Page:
Robert Palmer was an English singer-songwriter, musician, and record producer. He was known for his distinctive, soulful voice, eclectic mix of musical styles on his albums, combining soul, jazz, rock, pop, reggae, blues, and sartorial acumen. He found success both in his solo career and with the Power Station, and had Top 10 songs in both the UK and the US. Palmer received a number of awards throughout his career, including two Grammy Awards for Best Male Rock Vocal Performance, an MTV Video Music Award, and two Brit Award nominations for Best British Male.
When Marcia Griffiths' Play Me Sweet and Nice arrived in 1974, "Jamaica's First Lady of Song" had just left the hitmaking duo of Bob & Marcia – best known for "Young, Gifted and Black" – but was still a year away from forming the I-Threes with Rita Marley and Judy Mowatt. Released in Jamaica on the Wildflower label, the album launched her solo career with what was considered an instant classic back home, but liberties were taken – different cover art, a rearranged track list, and a new, less risqué title, Sweet Bitter Love – when the U.K. label Trojan released their version later that same year.
This disc strikes me as an ideal introduction to the music of Turkey’s greatest composer. Ahmed Adnan Saygun’s style might be described as “Szymanowski with a primal rhythmic feel.” If you love the composer’s First Violin Concerto then you will find here a very similar exoticism, nocturnal atmosphere, and love of voluptuous textures. The harmonic style is intensely chromatic, but also highly melodic. Like Bartók in his last period, Saygun’s handling of tonality mellowed toward the end of his life, which makes the Cello Concerto more consonant than the Viola Concerto, but both works are absolutely gorgeous and masterpieces of their kind. It’s positively criminal that no one plays these pieces regularly in concert. The performances here are excellent. Tim Hugh is a well-known cellist, and he pours on the tone with all of the rhapsodic abandon that Saygun requires. Mirjam Tschopp also is a superb violist, with a big, beefy tone that never gets swamped by the intricate orchestration. It’s also very rewarding to hear a Turkish orchestra in this music–and to find that it plays beautifully under Howard Griffiths.
Philip Jones Griffiths first visited Vietnam in 1966. It was an experience that would profoundly shape his career. Griffiths captured incredible images of the victims of war from innocent civilians to young soldiers caught up in the conflict. His 1971 photo journal, VIETNAM INC. transformed forever our understanding of this terrible conflict. Featuring interviews with some of those closest to him; family and friends and colleagues including John Pilger, Don McCullin and Professor Noam Chomsky, this beautifully shot documentary gives fascinating insight into the life and legacy of a man who was a true humanitarian and whose pictures are classics of photojournalism, as powerful today as the day they were taken.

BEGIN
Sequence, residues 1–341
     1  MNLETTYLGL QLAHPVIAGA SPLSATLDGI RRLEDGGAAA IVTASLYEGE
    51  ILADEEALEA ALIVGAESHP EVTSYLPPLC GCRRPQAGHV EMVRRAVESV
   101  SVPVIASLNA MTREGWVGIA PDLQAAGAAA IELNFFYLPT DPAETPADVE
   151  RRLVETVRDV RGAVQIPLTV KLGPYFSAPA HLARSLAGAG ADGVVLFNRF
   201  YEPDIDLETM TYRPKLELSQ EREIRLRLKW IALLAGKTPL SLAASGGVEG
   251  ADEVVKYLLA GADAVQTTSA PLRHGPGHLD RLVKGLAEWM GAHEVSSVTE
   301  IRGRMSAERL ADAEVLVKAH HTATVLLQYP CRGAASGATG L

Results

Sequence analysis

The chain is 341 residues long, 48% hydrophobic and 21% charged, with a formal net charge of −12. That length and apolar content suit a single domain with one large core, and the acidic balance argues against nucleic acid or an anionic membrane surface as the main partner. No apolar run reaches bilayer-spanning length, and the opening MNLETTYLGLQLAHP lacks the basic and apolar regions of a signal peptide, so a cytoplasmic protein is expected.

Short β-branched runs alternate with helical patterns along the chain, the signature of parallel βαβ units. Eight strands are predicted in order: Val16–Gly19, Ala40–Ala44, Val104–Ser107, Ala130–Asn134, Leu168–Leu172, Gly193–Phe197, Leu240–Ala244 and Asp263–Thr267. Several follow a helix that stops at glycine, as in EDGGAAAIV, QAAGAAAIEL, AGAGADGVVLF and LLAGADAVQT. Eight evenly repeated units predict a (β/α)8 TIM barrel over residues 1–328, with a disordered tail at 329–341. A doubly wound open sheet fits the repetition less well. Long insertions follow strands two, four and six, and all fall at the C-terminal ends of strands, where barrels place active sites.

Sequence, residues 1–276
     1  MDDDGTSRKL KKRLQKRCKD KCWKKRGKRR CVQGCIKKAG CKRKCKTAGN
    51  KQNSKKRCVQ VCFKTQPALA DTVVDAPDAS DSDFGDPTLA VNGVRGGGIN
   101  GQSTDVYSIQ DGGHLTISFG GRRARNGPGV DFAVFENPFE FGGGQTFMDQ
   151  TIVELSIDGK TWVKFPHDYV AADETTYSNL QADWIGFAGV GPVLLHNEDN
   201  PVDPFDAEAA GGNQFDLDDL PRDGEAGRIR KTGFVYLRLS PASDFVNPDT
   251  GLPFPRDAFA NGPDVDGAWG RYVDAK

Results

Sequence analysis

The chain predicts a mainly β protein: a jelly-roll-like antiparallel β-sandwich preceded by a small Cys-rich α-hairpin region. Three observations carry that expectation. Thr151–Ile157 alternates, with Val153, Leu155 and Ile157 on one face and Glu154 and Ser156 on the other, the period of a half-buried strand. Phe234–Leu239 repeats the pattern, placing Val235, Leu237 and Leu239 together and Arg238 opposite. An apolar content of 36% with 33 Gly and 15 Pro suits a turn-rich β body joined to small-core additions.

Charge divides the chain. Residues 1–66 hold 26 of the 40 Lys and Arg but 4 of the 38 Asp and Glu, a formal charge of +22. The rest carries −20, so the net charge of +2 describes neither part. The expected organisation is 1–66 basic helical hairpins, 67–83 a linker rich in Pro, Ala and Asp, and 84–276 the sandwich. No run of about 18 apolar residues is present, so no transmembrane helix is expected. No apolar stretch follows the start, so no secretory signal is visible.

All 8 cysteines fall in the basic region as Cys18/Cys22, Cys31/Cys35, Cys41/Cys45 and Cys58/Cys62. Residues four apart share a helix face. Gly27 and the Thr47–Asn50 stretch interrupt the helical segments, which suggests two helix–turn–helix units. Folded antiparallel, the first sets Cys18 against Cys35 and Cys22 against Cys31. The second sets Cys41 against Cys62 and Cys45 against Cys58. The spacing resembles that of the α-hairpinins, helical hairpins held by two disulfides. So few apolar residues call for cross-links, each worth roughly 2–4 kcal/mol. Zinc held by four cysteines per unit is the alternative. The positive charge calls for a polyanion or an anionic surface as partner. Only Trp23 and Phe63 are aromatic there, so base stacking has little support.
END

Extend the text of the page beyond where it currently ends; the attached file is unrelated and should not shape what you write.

God Save the King is actually a split release and/or a Robert Fripp compilation, depending on how you look at it. In 1980, Robert Fripp released something of a split disc himself, called God Save the Queen/Under Heavy Manners, consisting of a side of Frippertronics and a side of Discotronics, the latter being Frippertronics with a "dance-oriented" (according to Fripp) rhythm section. Also in 1980, Fripp formed a new group, borrowing the name from his early-'60s band, the League of Gentlemen.
Robert Schroeder is a talented and inspired german electronic composer whose career has strong connections with analogue synth sequences and spacey, spherical soundscapes produced by Klaus Schulze during the second half of the seventies. If we compared it with the best essays from K.Schulze's classic period, Harmonic Ascendant figures as a major work, pushing the cosmic synthesizer trippiness to an other level of experimentation and emotion. Harmonic Ascendant is not as majestic and as visceral than early TD and Schulze but clearly better than anything produced by these two masters after the 70's.
Although highly productive and respected in his lifetime as a composer of Lieder, Robert Franz (1815–92) has since become a peripheral figure in music history. One reason may be that he avoids dramatic contrasts and instead aims at an emotional ambiguity: ‘My representation of joy is always tinged with melancholy, whilst that of suffering is always accompanied by an exquisite sensation of losing oneself’, he once wrote to Liszt. As a consequence his music appeals to those who are able ‘to admire the nuances of a charcoal drawing without longing for the colours of a painting’, to quote from Georges Starobinski’s liner notes to this recording. As they began to explore the songs of Franz, Starobinski and the baritone Christian Immler were moved by their findings to devise a programme which includes 23 of the composer’s often quite brief songs. Using the poet Heinrich Heine as their guiding star, they present these – all Heine settings but from different opus groups – in the form of two ‘imagined’ song cycles.
Le 5 mai 2001, à l'Assemblée nationale, Jean-Pierre Chevènement interpellait vigoureusement les députés lors du débat sur le projet de loi relatif à la Corse. En désaccord avec le gouvernement Jospin sur l'évolution des tractations, il avait démissionné en septembre 2000. L'ouvrage reproduit son discours, remarquable morceau de bravoure politique qui détone dans le consensuel climat de renoncement actuel selon lui, les accords de Matignon constituent un bricolage institutionnel qui non seulement entraînera la République " dans un engrenage mortel ", destiné à " satisfaire les exigences indépendantistes ", mais aussi livrera la Corse à des intérêts peu transparents. …